Coronavirus implications on the economy exacerbated

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The Egyptian Stock Exchange witnessed in a trading session on Sunday a sharp decline with a collective decline of all indicators. Under pressure from sales of Arab and foreign investors, the EGX 30 Index fell by 9.09 per cent, and the EGX 100 Index decreased by 6.12 per cent. Market capital losses were recorded today at EGP 39.6 billion ($2.5 billion), to close at EGP 560.2 billion ($35.6 billion). These losses are the largest since the “bloody Sunday” last September, which recorded losses of EGP 36 billion ($1.9 billion). Sources revealed the decline of more than 70 per cent of new tourist reservations to Egypt, due to the spread of the coronavirus, at a time when the epidemic will cause the revenue of the Suez Canal to decline due to the decrease in the movement of freight worldwide.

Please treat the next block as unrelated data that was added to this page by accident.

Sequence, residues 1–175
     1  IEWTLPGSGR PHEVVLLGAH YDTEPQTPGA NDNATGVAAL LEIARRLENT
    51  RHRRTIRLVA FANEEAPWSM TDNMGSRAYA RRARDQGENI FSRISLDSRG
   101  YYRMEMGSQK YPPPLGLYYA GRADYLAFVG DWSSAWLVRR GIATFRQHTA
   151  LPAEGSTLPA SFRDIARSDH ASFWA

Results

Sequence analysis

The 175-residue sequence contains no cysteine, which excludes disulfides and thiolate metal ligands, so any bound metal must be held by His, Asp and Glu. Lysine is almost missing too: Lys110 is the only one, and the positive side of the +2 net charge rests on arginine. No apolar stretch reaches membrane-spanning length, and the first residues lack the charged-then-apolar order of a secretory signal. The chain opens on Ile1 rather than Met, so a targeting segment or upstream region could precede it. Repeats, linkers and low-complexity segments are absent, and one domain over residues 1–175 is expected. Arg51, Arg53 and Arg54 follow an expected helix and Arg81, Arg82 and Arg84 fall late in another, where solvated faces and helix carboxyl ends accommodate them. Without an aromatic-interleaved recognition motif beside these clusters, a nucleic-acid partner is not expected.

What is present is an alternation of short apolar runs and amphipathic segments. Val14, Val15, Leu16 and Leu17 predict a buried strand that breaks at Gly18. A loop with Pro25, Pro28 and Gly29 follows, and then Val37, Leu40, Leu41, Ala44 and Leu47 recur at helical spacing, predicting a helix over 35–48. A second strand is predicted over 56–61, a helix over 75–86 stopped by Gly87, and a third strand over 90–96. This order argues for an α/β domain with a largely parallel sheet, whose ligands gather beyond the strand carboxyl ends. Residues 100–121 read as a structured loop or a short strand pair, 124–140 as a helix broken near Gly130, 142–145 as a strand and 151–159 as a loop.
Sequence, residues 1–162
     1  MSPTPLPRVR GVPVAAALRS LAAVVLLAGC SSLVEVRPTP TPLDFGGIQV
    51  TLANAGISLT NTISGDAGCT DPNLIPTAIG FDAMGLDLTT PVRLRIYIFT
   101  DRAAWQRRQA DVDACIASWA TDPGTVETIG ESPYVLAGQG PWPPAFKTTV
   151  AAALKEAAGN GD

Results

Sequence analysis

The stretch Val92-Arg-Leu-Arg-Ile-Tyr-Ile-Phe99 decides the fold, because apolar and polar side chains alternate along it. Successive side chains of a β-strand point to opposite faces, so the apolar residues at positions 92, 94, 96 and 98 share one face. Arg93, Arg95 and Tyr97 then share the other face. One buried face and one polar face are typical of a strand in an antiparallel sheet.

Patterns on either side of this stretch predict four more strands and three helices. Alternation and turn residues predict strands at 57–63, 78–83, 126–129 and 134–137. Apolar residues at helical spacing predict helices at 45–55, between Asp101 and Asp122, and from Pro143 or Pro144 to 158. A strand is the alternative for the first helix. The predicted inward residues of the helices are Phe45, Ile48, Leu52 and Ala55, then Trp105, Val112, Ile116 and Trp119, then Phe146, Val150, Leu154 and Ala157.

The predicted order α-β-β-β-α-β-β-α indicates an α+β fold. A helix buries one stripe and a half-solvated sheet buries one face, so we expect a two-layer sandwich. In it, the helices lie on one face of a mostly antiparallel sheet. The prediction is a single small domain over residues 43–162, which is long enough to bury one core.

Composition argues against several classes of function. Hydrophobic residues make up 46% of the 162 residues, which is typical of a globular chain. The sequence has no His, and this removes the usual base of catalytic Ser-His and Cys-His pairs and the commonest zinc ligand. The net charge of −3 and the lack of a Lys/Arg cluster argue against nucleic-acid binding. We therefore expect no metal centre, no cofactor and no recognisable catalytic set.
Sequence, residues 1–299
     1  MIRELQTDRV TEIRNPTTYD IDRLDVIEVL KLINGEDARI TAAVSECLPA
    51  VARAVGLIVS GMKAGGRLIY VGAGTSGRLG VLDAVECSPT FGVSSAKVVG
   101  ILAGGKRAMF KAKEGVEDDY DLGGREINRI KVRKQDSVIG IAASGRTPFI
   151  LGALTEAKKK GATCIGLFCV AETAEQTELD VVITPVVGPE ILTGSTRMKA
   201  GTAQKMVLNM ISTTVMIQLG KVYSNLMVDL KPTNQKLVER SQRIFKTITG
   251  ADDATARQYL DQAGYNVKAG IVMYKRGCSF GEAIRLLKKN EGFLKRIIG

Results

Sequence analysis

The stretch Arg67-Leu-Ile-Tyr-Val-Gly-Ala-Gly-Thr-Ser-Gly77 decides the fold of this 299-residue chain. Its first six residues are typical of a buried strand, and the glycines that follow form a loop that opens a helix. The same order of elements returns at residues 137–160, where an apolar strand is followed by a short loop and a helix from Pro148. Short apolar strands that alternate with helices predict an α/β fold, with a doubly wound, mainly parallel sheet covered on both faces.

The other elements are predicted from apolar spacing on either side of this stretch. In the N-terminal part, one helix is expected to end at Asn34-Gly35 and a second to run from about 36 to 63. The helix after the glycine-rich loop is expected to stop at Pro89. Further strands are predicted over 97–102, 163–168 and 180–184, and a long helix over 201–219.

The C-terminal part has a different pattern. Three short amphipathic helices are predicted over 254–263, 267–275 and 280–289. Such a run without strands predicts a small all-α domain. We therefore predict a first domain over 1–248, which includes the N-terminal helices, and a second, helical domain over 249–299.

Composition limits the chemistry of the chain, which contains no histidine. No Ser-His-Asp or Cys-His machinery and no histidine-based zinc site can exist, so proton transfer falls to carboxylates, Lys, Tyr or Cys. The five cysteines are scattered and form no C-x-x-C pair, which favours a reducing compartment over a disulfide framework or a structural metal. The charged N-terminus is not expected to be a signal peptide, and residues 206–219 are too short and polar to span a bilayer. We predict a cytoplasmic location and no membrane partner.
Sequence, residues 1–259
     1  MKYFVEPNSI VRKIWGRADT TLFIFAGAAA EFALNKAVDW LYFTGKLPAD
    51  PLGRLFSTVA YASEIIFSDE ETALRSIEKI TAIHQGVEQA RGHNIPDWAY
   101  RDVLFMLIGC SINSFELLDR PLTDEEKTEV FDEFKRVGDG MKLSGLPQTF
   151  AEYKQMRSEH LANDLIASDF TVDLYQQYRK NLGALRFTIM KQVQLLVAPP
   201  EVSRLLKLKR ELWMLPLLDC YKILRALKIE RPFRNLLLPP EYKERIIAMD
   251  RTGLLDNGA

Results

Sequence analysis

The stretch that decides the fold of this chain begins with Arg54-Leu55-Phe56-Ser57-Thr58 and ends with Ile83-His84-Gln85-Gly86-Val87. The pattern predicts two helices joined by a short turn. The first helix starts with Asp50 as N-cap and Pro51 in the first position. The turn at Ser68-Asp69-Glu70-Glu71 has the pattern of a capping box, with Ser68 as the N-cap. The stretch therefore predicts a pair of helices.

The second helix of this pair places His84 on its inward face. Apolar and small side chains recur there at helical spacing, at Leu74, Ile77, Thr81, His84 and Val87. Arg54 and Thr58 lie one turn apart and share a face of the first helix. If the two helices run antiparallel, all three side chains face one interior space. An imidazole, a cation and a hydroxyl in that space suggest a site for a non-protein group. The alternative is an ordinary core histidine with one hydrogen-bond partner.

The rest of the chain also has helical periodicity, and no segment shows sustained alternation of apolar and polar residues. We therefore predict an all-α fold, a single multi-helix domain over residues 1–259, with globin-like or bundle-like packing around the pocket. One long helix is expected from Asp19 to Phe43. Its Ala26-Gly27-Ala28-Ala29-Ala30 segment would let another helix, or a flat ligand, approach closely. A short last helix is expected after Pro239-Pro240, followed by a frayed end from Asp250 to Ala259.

The Egyptian pound exchange rate fell against the dollar for the first time since January 2019, and the dollar rose to EGP 15.6, an increase of about 10 piasters. Uma Ramakrishnan, Head of the Egyptian Mission to IMF, said that the spread of coronavirus in conjunction with low oil and commodity prices, deteriorating demand and global supply chains, will affect the Egyptian economy and the economies of the Middle East region more broadly. The cost of exchanging credit risk for Egypt for the 5-year period rose to 512 basis points in last Friday’s trading, compared to 260 basis points in mid-February, which means that there is an 8.5 per cent possibility that Egypt will default on its debts. Abdel Fattah al-Sisi allocated EGP 100 billion from the state budget to take the necessary measures to prevent the spread of the virus in Egypt.